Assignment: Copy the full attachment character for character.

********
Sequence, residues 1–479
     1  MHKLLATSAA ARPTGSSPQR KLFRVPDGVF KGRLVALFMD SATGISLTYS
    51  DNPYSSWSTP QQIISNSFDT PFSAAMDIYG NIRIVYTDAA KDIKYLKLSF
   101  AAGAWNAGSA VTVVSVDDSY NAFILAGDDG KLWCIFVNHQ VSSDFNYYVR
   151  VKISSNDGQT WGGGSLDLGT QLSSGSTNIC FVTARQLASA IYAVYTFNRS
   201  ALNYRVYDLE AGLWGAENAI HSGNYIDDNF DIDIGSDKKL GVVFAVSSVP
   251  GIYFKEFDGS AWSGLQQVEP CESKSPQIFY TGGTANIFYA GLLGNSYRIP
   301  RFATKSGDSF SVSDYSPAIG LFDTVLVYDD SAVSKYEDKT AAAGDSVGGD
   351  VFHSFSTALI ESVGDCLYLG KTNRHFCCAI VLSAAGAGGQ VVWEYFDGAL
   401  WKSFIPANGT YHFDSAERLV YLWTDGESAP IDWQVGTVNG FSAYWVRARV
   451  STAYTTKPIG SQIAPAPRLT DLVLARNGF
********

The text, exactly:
Sequence, residues 1–479
     1  MHKLLATSAA ARPTGSSPQR KLFRVPDGVF KGRLVALFMD SATGISLTYS
    51  DNPYSSWSTP QQIISNSFDT PFSAAMDIYG NIRIVYTDAA KDIKYLKLSF
   101  AAGAWNAGSA VTVVSVDDSY NAFILAGDDG KLWCIFVNHQ VSSDFNYYVR
   151  VKISSNDGQT WGGGSLDLGT QLSSGSTNIC FVTARQLASA IYAVYTFNRS
   201  ALNYRVYDLE AGLWGAENAI HSGNYIDDNF DIDIGSDKKL GVVFAVSSVP
   251  GIYFKEFDGS AWSGLQQVEP CESKSPQIFY TGGTANIFYA GLLGNSYRIP
   301  RFATKSGDSF SVSDYSPAIG LFDTVLVYDD SAVSKYEDKT AAAGDSVGGD
   351  VFHSFSTALI ESVGDCLYLG KTNRHFCCAI VLSAAGAGGQ VVWEYFDGAL
   401  WKSFIPANGT YHFDSAERLV YLWTDGESAP IDWQVGTVNG FSAYWVRARV
   451  STAYTTKPIG SQIAPAPRLT DLVLARNGF